When my team and I surveyed the lovely not quite ready new classroom one of my assistants pointed out that the ‘break glass’ type fire alarms would be an immediate ‘target’ for the aforementioned student, he wouldn’t be able to resist setting them off. I spoke with senior management about this and was told it was ‘company policy’ to have this type of fire alarm and they couldn’t be changed. I protested. We wrote a letter outlining the probable consequences of having these fire alarms. We were ignored; no managerial reflection let alone empathy.
A week or so after coping with a temporary classroom we moved into the new classroom and sure enough within a short while the student had set off the fire alarm despite our various plans to try and avoid it happening. We and all the other classes had to follow evacuation procedures, senior managers on duty and maintenance folk had to do their bit. We returned to the classroom, and the student now in a very excitable state knowing what would happen did it again. We covered the fire alarm with lots of stuff he simply ripped off, we hid the alarm with a cupboard to be told that was against fire regulations and finally, for me, as I stood in front of the fire alarm being battered by the student I went to the head and verbally battered her. We then had key alarms fitted.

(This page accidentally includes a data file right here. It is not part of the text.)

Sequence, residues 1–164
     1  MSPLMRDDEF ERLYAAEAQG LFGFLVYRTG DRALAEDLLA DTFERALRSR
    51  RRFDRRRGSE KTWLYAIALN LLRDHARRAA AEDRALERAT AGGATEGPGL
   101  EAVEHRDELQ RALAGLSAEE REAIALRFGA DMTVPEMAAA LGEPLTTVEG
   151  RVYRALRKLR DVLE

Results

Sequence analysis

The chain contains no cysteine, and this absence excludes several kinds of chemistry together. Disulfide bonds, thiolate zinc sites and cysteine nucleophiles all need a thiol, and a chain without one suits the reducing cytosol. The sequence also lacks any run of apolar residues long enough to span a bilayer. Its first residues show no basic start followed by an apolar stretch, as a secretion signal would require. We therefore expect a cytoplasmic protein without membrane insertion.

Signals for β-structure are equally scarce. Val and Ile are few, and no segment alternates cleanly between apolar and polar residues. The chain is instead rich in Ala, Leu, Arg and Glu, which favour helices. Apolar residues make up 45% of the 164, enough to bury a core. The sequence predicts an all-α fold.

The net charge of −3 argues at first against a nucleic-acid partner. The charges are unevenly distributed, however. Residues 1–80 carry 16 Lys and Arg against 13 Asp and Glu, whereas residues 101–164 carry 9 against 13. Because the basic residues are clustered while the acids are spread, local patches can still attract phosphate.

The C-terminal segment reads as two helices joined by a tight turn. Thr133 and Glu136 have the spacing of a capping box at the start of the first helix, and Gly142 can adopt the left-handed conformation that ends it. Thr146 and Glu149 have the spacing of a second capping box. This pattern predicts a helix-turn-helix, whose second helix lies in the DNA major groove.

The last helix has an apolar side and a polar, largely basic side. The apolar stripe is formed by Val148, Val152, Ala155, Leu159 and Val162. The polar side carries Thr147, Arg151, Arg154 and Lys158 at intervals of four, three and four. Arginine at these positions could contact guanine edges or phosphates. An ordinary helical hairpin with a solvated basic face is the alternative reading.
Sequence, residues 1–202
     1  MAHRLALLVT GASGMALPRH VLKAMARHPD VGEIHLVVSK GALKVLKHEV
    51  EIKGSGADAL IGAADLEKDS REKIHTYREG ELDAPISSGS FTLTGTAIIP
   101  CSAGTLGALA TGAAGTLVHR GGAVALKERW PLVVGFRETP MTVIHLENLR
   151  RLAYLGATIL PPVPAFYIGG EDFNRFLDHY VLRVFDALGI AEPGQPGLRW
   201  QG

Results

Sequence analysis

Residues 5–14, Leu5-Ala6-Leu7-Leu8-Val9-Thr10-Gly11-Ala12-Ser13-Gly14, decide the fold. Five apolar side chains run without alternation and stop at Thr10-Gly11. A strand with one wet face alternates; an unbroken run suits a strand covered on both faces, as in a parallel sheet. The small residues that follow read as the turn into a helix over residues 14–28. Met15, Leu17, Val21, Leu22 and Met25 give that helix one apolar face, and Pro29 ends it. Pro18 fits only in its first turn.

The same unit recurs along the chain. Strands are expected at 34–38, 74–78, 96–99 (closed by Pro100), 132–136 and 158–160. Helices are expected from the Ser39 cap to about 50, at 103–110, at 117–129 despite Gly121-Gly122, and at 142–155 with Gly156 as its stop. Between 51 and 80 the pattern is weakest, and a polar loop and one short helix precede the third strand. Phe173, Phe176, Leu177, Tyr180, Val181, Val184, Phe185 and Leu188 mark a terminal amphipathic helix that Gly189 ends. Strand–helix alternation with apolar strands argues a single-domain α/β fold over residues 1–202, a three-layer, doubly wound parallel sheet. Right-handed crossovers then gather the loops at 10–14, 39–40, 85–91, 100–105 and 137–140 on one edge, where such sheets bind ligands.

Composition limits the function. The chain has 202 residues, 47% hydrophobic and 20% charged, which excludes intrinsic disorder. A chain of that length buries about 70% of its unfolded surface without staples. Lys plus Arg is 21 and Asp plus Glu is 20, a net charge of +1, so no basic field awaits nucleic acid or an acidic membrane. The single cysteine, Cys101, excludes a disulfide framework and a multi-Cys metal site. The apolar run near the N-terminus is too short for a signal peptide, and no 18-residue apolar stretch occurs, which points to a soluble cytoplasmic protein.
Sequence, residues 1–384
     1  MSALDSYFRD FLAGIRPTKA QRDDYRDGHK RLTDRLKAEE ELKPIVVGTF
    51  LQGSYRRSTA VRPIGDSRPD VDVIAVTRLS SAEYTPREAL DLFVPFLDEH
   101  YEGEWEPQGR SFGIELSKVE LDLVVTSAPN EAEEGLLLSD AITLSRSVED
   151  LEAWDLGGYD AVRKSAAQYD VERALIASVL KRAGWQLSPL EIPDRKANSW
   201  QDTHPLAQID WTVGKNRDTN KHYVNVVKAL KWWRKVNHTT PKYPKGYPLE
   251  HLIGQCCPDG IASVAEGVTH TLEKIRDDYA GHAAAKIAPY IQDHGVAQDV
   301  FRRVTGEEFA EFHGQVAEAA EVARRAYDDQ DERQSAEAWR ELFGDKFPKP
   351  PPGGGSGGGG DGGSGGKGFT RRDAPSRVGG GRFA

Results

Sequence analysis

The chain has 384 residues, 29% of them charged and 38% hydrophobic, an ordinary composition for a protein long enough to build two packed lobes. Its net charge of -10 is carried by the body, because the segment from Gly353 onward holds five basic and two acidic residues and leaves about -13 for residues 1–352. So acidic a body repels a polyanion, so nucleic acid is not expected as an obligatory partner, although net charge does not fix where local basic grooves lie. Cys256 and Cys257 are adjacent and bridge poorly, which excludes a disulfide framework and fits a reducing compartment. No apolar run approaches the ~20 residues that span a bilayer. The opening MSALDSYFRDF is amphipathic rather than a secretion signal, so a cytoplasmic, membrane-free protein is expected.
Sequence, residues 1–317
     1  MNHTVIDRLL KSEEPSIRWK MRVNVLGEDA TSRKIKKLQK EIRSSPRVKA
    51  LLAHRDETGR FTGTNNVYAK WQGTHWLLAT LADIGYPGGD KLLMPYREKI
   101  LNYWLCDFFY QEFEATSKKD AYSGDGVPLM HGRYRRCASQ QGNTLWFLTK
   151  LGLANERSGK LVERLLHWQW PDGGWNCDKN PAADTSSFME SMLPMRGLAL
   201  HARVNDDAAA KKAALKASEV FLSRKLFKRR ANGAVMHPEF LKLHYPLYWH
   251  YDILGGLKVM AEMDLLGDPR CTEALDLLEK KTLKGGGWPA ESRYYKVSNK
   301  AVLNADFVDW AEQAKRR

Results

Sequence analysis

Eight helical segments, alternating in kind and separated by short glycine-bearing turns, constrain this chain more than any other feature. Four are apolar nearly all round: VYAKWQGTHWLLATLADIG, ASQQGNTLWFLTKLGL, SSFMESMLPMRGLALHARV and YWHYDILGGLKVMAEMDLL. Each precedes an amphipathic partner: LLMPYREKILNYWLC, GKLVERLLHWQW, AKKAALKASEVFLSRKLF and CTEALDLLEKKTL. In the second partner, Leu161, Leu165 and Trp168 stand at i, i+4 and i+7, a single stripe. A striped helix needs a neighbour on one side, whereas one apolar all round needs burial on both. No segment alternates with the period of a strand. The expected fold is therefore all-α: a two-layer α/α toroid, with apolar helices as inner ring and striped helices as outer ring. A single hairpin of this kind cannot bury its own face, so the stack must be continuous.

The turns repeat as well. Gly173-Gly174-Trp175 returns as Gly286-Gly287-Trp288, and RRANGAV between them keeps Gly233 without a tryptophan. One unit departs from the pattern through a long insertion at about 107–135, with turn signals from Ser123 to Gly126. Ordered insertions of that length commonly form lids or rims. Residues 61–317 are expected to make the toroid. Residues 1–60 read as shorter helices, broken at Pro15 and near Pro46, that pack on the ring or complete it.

Sadly the damage had been done for this student, he couldn’t make it into the new classroom after what had happened. He moved to another school before the term was finished. And the start in our new classroom very far from propitious.
This is what happens in institutions run with a ‘top down’ model. It becomes increasingly reliant on structures, systems and similar created by people who don’t have to use or actually experience them. There is no worker involvement in the decision making process, they have, as the vernacular has it, no ‘ownership’.
I am glad I am now away from all of it, Kate has just said when I spoke to her about this blog that I’d have had a heart attack if I’d still been there. I still have many friends at the school and know that some, if they read this, will be annoyed. But I contend that a very particular form of British, maybe even English, management has evolved that is unhealthy and that if the managers could develop any sort of reflexivity (that is a bidirectional relationship) and actually include and involve the people they manage maybe things could be better.
Perhaps some might even reply to this blog and a discussion had, but I suspect they don’t have time for such frivolity with someone so obviously not in the ‘real world’. I’m off to have brunch in our lovely garden.
keep on keeping on, love Duncan.